David Thompson – a blogger who seems to find some superb photos for his site, by the way – has a nice roundup connected to the anniversary of the fall of the Berlin Wall, about which Perry de Havilland has already had some thoughts. As a reminder, here is a film I mentioned some time ago, based in former East Germany, that is a telling story about the dangers of the surveillance state.
It remains something of a mystery as to why Communism was able to appeal to some very smart people for so long. Oh sure, many supporters of totalitarian socialism were transparently evil or very, very thick but obviously that does not quite explain it all. The idea of Marxism-Leninism as a substitute for religion comes closest, in my mind, to explaining its hold on many well-meaning minds as well as less benign ones. Some of that religious-substitute drive has now been shifted to the Green movement.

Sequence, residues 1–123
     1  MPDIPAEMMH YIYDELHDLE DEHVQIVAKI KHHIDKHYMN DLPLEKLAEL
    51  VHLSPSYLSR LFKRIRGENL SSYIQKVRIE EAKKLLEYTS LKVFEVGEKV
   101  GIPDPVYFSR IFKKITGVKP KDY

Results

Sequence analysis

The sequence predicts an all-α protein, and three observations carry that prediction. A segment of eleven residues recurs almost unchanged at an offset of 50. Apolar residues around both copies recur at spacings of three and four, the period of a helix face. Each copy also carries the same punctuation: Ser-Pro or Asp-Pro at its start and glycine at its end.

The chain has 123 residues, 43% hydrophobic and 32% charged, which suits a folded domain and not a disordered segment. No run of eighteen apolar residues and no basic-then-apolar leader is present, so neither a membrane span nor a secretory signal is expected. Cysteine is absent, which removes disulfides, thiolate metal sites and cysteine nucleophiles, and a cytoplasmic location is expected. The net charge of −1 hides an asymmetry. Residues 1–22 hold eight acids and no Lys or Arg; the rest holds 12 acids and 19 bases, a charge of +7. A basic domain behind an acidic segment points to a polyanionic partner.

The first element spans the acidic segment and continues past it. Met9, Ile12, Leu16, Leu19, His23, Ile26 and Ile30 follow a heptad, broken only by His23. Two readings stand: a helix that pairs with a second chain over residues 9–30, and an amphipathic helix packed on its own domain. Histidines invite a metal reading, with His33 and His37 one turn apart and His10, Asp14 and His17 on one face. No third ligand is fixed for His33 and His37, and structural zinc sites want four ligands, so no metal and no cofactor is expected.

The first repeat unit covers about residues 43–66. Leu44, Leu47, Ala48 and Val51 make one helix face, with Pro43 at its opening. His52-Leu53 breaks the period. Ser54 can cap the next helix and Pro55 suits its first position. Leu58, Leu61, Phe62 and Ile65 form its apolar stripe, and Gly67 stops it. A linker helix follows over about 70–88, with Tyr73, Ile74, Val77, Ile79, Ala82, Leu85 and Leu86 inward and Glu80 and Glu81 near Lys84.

But even so, I continue to this day to be surprised by how supposedly sharp people got swayed by communism. Take one random example: the 20th century spy novelist and film screenwriter, Eric Ambler. I have long been a fan of his fiction: the modern spy novel owes a lot to his style and method. He died in the late 90s at a ripe old age; reading an introduction to one of his books, I was a bit taken aback – although maybe I should not have been – to read that he was an enthusiast for the Soviet Union right up until the Hitler-Stalin pact at the start of WW2, which “depressed him deeply”. One wonders why this acute observer of human nature in its more sleazy respects had not cottoned on to the massive killings, the Man-made famines, that were already an established feature of 1930s Russia? By the mid-30s, this stuff was not a secret any more. British journalists like Malcolm Muggeridge had already exposed a lot of what was going on; even old Bertrand Russell, a man capable of considerable foolishness as well as brilliance in other ways, fingered the Soviet Union as a gangster state.